BusinessDay

Desert days and the loss of a parent

I was mesmerised two months ago by a 15-year old who knew what time it is. I was fully engaged. She regaled me with tales of how she thought young people were not empathetic enough of their parents. I looked again. 15-year old. Wise beyond her years.

You see Aunty, she continued. Young people must understand that their parents, especially their mothers, have so much to worry about and have their own challenges too. Many mothers, she continued, have their private sorrow and cry in their rooms. But they brace up when they come out of their rooms, wipe their tears and wear a forced smile in order to carry on for their children.

She went on to speak about the stress a parent has to go through to make sure their children are okay. The hustle, the school runs, the worries, the financial crunch, provisions, other extended family members, food for the house, school fees, clothing and everyone’s needs. Looking straight into my eyes, she asked if I had ever needed a hug as a mother in the middle of a storm. I nodded vigorously.

These were desert days. When you find yourself alone. Knowing your mum would have left everything. Knowing her sacrifices are uncountable. Seeing nowhere to turn. You cry the tears of loss and turn to God

Most parents mostly need hugs, she said. But most children she said never give it, never offer it and blame their parents for every horrible thing that ever happened to them. A lot of some of which the parents may never have known about. With this last blast, she hugged me, flashed me a knowing smile and walked into the warm Abuja morning sunlight.

I remained glued to my seat. All of 15 years and wise beyond her years. While not necessarily standing in the gap for all parents, especially because I know that there are bad parents in any generation, I think this young lady has captured a new trend on- and off-line by mostly young people. Parent bashing. When I go online, the vitriol is unprecedented The internet has not helped matters. Bearing mostly anonymous names some Nigerian children seem to have vacated ‘Honour your father and your mother.’

The influence of Western culture has exploded on our faces. Parental insult online is unprintable. What was the crime? Its unassailable. Over 50 percent of young people are heaping unspeakable insults on their parents, something is terribly wrong.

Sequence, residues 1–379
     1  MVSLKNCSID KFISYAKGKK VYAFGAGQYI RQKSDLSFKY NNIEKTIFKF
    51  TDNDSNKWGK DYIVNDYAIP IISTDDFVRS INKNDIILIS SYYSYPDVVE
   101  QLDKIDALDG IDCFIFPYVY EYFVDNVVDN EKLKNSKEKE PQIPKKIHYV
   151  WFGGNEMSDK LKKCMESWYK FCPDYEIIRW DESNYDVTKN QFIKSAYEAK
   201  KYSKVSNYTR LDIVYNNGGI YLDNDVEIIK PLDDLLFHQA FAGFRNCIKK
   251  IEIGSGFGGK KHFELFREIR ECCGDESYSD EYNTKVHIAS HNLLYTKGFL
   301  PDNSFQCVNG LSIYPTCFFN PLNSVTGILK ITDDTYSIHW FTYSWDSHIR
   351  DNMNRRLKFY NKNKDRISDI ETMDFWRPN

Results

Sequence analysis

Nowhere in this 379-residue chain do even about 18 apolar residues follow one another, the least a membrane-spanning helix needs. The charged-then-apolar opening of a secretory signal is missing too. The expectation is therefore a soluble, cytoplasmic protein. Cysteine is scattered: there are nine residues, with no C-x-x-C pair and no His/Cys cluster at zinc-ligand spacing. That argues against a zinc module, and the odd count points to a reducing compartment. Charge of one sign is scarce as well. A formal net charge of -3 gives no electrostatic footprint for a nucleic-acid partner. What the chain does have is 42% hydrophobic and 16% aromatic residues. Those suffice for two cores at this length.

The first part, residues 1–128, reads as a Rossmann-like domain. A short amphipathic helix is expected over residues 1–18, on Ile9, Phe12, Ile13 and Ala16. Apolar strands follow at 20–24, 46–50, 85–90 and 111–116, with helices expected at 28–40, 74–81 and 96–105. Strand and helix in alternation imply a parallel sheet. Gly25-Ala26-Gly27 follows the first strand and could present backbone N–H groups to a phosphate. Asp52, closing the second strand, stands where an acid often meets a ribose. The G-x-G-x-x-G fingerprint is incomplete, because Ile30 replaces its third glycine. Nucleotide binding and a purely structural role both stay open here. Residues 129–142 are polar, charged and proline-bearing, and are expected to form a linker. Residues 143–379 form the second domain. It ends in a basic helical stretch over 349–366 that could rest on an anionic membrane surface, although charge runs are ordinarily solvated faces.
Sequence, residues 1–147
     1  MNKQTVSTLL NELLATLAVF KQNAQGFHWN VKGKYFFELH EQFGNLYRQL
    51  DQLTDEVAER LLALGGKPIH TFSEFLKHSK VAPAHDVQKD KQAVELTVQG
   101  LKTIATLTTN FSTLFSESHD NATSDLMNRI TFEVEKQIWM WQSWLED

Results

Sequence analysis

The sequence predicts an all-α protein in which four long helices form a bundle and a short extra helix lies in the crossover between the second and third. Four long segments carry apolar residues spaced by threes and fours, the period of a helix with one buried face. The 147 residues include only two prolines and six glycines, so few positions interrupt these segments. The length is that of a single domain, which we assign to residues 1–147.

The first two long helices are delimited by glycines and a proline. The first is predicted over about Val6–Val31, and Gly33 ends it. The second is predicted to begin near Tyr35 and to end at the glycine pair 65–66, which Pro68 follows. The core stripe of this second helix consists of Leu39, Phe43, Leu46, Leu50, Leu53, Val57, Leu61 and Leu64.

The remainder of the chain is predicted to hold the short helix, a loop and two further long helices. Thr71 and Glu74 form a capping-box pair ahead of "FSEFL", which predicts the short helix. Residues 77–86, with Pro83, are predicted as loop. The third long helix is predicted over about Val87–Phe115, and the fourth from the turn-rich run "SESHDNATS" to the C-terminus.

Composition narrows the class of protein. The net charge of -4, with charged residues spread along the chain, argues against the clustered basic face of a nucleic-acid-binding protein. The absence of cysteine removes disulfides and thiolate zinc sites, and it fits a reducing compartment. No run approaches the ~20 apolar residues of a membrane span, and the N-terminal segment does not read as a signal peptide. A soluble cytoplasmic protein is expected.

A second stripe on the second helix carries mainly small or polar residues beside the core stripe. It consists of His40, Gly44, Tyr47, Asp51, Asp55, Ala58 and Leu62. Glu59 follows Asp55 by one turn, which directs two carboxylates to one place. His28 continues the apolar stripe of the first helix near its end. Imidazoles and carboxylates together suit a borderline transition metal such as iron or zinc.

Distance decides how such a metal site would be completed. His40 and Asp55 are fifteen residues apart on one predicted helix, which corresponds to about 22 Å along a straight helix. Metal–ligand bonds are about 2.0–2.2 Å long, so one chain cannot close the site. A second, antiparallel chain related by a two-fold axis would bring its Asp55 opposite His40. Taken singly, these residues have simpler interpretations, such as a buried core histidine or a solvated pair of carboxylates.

Read also: Parenting goes beyond giving birth to a child – Akwitti

Parenting is hard. No one gets a manual. We all learn as we go along. Parents learn from their forebears. I certainly learnt from my parents how to be a good parent. But whether that’s enough is a different question entirely.

I remember when my parents passed on – my dad before my mum. It was a difficult period many years. No one to take my challenges. My mum was my friend and confidant. She would listen. I could tell her anything. My dad was my hero. The man who made provision and took me around the world. I miss them both dearly.

Only last night I was bothered by some life bothers. I sat up all night. I looked at my mother’s number on my phone. I have not been able to delete her number since she passed on many years ago. Mum would have had the answer. It was shocking at 2 am that she could have been the only one I could tell. Not a friend. Not a sibling. Not a spouse.

These were desert days. When you find yourself alone. Knowing your mum would have left everything. Knowing her sacrifices are uncountable. Seeing nowhere to turn. You cry the tears of loss and turn to God.

It’s time for young people to know that those desert days would come to everyone. That to love ones parents and provide for them is a spiritual investment.

Knowing that I did my best for my parents gives me comfort on desert days. The peace to weather the storm. After the prayers, it is them speaking for you in the right spiritual places.

Let us remember… the wisdom and prayers of our parents enable us… May desert days never find you empty… Amen. Do the needful for your parents today.…

Tomorrow is assured…

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